Reported from CSPPLAZA: The U.S. Department of Energy (DOE) has awarded $4.6 million to three CSP research projects in the latest round of funding under its Sunshot Initiative program, the department said July 12.
In total, some $46.2 million was awarded to 48 solar projects. Cost share requirements will yield a total public and private investment of nearly $65 million, the DOE said.
Californian CSP developer SolarReserve was allocated $2 million, with an awarded cost share at $500,000, to develop cost reduction strategies for molten salt storage.
Ohio’s Echogen Power Systems was awarded $1 million, with cost share at $250,000, to research new thermochemical energy storage systems that use magnesium carbonate chemistry.
Colorado’s Solar Dynamics was awarded $1.6 million, with cost share at $400,000, to develop a new CSP trough collector that uses glass mirrored space frames, to be used in peaker power plants.
Image: SunShot Initiative progress and goals. Source: DOE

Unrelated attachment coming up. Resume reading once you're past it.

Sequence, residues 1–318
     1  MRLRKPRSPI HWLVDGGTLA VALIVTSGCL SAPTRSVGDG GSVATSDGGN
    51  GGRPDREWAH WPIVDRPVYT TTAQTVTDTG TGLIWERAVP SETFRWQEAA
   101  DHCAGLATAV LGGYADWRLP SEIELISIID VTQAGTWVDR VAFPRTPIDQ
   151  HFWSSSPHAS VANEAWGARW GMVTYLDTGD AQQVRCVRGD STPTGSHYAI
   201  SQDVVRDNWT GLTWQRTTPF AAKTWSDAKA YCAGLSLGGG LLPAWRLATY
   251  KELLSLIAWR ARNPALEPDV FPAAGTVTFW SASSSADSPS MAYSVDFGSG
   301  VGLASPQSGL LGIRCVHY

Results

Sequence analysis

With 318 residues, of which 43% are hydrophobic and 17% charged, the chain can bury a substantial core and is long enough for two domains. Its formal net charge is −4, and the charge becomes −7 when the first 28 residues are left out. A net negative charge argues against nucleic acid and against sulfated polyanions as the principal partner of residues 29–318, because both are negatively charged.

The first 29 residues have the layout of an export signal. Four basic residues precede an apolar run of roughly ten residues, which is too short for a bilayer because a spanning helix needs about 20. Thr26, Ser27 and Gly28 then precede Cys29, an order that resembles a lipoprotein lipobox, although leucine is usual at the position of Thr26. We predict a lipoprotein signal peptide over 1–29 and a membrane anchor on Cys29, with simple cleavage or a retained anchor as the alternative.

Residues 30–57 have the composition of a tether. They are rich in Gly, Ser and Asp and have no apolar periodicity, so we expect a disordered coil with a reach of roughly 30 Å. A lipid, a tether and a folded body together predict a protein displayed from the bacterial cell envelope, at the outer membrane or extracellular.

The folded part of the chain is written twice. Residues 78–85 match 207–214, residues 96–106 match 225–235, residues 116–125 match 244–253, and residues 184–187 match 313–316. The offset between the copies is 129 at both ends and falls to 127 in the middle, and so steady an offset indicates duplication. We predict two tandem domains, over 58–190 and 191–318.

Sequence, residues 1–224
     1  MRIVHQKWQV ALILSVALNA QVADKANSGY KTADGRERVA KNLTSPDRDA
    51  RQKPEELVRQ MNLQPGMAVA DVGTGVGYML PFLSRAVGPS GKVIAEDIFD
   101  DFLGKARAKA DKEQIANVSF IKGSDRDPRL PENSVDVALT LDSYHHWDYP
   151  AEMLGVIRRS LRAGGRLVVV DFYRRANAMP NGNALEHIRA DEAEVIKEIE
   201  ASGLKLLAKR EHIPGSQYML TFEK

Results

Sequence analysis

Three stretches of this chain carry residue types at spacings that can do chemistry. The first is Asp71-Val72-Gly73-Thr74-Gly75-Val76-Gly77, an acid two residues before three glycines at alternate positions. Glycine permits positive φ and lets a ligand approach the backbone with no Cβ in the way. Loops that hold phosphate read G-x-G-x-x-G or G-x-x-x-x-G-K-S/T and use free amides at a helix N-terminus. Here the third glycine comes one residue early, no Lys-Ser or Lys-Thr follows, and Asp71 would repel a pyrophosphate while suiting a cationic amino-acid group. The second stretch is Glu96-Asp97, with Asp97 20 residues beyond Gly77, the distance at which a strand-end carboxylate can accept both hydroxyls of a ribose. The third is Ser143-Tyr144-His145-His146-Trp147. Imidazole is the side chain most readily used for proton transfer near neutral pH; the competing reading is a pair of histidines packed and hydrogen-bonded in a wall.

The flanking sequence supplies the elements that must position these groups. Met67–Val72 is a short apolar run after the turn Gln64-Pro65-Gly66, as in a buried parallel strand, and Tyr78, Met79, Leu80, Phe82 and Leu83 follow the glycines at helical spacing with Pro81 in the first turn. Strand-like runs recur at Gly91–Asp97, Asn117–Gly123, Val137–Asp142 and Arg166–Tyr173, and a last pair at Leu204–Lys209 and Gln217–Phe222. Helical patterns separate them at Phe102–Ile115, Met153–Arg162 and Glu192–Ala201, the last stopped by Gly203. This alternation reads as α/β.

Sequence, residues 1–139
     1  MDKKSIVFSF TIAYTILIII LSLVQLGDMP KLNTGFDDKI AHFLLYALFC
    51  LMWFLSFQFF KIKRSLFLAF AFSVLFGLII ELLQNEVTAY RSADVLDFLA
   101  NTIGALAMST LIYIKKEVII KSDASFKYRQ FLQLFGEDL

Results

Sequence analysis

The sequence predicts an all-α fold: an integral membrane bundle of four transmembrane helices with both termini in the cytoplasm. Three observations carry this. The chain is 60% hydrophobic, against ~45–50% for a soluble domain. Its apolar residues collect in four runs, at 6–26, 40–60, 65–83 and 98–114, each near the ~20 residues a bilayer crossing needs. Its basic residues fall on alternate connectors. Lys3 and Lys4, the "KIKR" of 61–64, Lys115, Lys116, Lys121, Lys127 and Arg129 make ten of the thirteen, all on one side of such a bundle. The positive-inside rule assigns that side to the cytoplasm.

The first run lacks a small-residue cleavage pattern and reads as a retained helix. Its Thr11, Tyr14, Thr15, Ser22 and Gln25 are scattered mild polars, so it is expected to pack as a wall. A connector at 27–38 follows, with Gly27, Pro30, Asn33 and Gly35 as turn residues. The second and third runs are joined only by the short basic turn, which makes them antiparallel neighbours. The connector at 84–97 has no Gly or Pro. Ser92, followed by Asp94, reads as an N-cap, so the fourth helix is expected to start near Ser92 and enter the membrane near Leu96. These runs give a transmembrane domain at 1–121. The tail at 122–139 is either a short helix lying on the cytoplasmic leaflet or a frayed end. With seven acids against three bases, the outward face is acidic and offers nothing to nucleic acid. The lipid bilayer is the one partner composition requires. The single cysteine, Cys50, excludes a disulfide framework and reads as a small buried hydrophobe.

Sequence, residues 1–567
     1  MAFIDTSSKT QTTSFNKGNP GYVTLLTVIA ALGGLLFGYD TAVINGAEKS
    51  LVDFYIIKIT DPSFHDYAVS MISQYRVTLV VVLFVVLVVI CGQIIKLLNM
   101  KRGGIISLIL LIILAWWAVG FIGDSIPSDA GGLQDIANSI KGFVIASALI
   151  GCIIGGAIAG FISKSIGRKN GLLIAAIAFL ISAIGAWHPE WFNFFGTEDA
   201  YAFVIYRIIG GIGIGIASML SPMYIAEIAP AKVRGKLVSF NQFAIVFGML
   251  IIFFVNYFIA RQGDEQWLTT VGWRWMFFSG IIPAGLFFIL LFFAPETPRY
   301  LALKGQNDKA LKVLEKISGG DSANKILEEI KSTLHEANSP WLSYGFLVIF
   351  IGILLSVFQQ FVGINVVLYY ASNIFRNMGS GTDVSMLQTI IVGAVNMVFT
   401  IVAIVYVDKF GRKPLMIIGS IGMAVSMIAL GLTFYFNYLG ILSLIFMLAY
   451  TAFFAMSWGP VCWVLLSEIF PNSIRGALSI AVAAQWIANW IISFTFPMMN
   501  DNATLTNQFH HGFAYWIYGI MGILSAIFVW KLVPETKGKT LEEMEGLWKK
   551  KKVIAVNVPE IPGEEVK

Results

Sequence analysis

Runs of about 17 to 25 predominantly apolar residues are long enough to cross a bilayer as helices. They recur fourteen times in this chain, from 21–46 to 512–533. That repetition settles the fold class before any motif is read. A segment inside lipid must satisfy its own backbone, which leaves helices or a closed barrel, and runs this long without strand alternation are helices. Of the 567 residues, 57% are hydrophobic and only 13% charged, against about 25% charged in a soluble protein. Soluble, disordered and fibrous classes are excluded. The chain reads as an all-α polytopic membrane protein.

The Sunshot Initiative was launched in 2011 to accelerate reductions in solar power costs. The program aims to reduce the levelized cost of energy (LCOE) of CSP plants to below $60/MWh by 2020. Average CSP project costs fell from $210/MWh in 2010 to $120/MWh in 2015, according to government data.
Average U.S. utility-scale PV costs are now at around $70/MWh and the Sunshot team have set a target for PV costs below $30/MWh by 2030.
In its latest round of project funding, the DOE will provide $25.7 million to 20 solar projects under its “Technology to Market: Incubator” scheme. A further $20.5 million will go to 28 projects which develop next-generation modules and PV technologies, most of which are academic institutions.
A number of the projects funded under the technology incubator scheme focus on data-driven inventions.
Some of these projects target the utility-scale and commercial solar markets. For example, San Francisco’s KryptonCloud will receive $885,711 in DOE funding to develop an “advanced, big data analytics decision engine to reduce operations and maintenance costs for utility-scale solar projects,” the DOE said.
The Boston-based Energetic Insurance project will receive $800,000 from the DOE to research “novel, data-driven, actuarial models that will allow for substantial expansion of the commercial solar market by mitigating offtaker credit risk,” it said.